The political drive to electrify oil & gas platforms on the Norwegian continental shelf (NCS) with power from shore is continuing but faces a range of old and new challenges, most lately the adverse effect of the energy crisis in Europe and correspondingly unprecedented price increases. And at the same time the actual climate impact of reducing the CO2 released from these hydrocarbon production complexes is also being debated, since the emissions will occur anyhow when burning gas onshore, with only Norway’s national CO2 and net-zero targets benefitting.

Focus your mind: get the insight you need with the Recharge Agenda

The global energy transition is gathering momentum – and the accompanying news-stream becoming an information deluge. Separate the green giants from the greenwash and the hard facts from the click-bait headlines with Recharge Agenda, our curation of the market-making events of the week, distilled down into one quick-read newsletter. Sign up here for free

Electricity produced onshore Norway could instead of electrifying platforms be exported to continental Europe, reducing their emissions with similar global effects and much lower costs for Norway, or used for industrial development of clean industry locally.

So far, eight oil & gas platforms on the NCS are powered with electricity from shore, with a further 15TWh/year in projects of this currently in planning. This would constitute around 10% of Norway total production of electricity, 157TWh in 2021.

At the same time development of floating wind offshore Norway continues to drag, to the extent that first power from offshore licenses might not reach shore before 2030. This is hard to comprehend when the first wind farm license was given for Havsul outside the northwest coast of Norway as early as 2008.

Floating offshore wind is an excellent means of electrifying platforms instead of drawing power from the onshore grid, and the sector represents a great opportunity to accelerate the larger floating wind developments and related industries in Norway. Smaller-scale fast-track projects should be possible in the very well-known waters around the NCS’ oil & gas platforms, which come equipped with infrastructure and logistic support.

The Hywind Tampen development, the 95MW spar-based floating wind array being installed in the North Sea by Equinor to supply one-third of the power demand of its Snorre-Gullfaks complex, will enter the annals as the first such project but much larger developments are on the horizon.

The outlook for gas prices and CO2 taxation/pricing raises hopes for floating wind power-to-platform projects to become commercially viable for the operators. Some guarantees and subsidies from the government, such as the Norwegian innovation fund Enova, will likely be necessary to get the crucial first movers going. But will be a small cost for the country compared to ongoing full electrification from shore.

By increasing the size of future floating wind farms, the fleet could supply power to shore in addition to electrifying operational oil & gas platforms. The variable wind power from offshore combines very well with the hydropower delivered from Norway for efficient power utilisation and supply to the Norwegian as well as European grid.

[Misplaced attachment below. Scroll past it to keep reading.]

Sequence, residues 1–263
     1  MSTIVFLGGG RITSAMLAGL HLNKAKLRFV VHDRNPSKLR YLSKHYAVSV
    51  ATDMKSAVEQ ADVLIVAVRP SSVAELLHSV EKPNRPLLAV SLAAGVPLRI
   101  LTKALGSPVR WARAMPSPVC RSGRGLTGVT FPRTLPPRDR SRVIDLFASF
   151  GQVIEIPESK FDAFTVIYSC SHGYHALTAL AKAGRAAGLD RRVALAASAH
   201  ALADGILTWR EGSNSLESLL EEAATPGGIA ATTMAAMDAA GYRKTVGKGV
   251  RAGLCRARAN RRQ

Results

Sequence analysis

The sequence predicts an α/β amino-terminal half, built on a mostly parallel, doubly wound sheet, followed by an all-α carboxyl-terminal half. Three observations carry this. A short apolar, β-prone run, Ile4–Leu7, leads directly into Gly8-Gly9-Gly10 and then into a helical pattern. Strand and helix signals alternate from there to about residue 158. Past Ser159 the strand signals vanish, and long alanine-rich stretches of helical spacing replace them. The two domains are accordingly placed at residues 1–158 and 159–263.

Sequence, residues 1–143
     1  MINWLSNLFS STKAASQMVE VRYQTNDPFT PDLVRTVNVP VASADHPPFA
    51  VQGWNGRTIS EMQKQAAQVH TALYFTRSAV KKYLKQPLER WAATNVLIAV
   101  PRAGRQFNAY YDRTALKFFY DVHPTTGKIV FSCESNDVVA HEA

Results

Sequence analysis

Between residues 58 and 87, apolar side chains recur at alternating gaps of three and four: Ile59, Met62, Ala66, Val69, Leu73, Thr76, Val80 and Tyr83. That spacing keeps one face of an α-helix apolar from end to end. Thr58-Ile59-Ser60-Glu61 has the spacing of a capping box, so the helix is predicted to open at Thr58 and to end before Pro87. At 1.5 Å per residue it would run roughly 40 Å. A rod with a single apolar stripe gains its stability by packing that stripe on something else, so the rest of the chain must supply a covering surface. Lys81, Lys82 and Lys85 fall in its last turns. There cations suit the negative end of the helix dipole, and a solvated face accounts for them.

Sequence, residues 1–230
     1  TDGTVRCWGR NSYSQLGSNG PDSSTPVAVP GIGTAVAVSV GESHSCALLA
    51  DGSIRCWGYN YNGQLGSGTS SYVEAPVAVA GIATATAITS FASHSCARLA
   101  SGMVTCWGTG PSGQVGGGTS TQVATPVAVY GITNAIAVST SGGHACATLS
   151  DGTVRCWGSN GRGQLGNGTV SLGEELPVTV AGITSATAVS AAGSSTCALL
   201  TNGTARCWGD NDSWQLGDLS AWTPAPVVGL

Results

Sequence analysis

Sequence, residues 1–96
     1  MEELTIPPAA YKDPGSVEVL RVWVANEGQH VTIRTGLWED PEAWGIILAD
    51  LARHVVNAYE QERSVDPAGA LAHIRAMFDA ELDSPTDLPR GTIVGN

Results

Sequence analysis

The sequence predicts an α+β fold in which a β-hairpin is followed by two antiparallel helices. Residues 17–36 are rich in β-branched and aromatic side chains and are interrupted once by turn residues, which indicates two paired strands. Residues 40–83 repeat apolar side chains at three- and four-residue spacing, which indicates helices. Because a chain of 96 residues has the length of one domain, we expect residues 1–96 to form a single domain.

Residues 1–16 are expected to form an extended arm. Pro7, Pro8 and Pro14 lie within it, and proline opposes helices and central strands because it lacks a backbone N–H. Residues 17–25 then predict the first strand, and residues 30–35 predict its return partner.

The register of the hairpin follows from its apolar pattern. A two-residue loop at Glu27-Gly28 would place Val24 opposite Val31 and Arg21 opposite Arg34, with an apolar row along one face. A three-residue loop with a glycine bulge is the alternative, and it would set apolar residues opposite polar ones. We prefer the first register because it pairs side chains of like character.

That first offshore wind power might not reach Norway's shores before 2030 is hard to comprehend when the first license was given for Havsul back in 2008

Power can also be reversed to ensure continued electrification of a platform independent of wind conditions, and this way would simplify operations by eliminating back-up systems like gas turbine generators, batteries and so on.

Equinor’s planned 1GW Trollvind megaproject could be the first to use this set-up, but several other developments should also be viable for this model of operation. Those platforms already electrified from shore could also be considered to host a floating wind farm’s incoming power production, with the power line already linked to onshore grid, thereby avoiding lengthy environmental studies and assessments and large investments for new export cables.

All that said, BW Offshore and the wider BW Group believe it is very important to start the smaller projects as soon as possible to gain experience technically and operationally, as well as developing the supplier and service industry.

We need to build the new relationships – such as we are building with Ideol under the BW Ideol banner – that will make it possible to bring floating offshore wind to the markets around the world. We believe bringing our maritime and oil & gas engineering legacy together with powerful partnerships in the energy and industrial sectors will be important to rapid progress in the sector and faster climate action. On the NCS this could come good: a source of clean power production and oil & gas platform decarbonisation, at the same time.

Together with Fram Green Technology and the Grieg Group we are working to make floating wind powered oil & gas platforms economically commercially viable within a much shorter timeframe than the present Norwegian policy plans. Now is the time for sector to fully grasp this historical opportunity.

· Jon Harald Kilde is vice-president of business development at BW Offshore, which took strategic ownership of French floating wind outfit Ideol in 2021 to form BW Ideol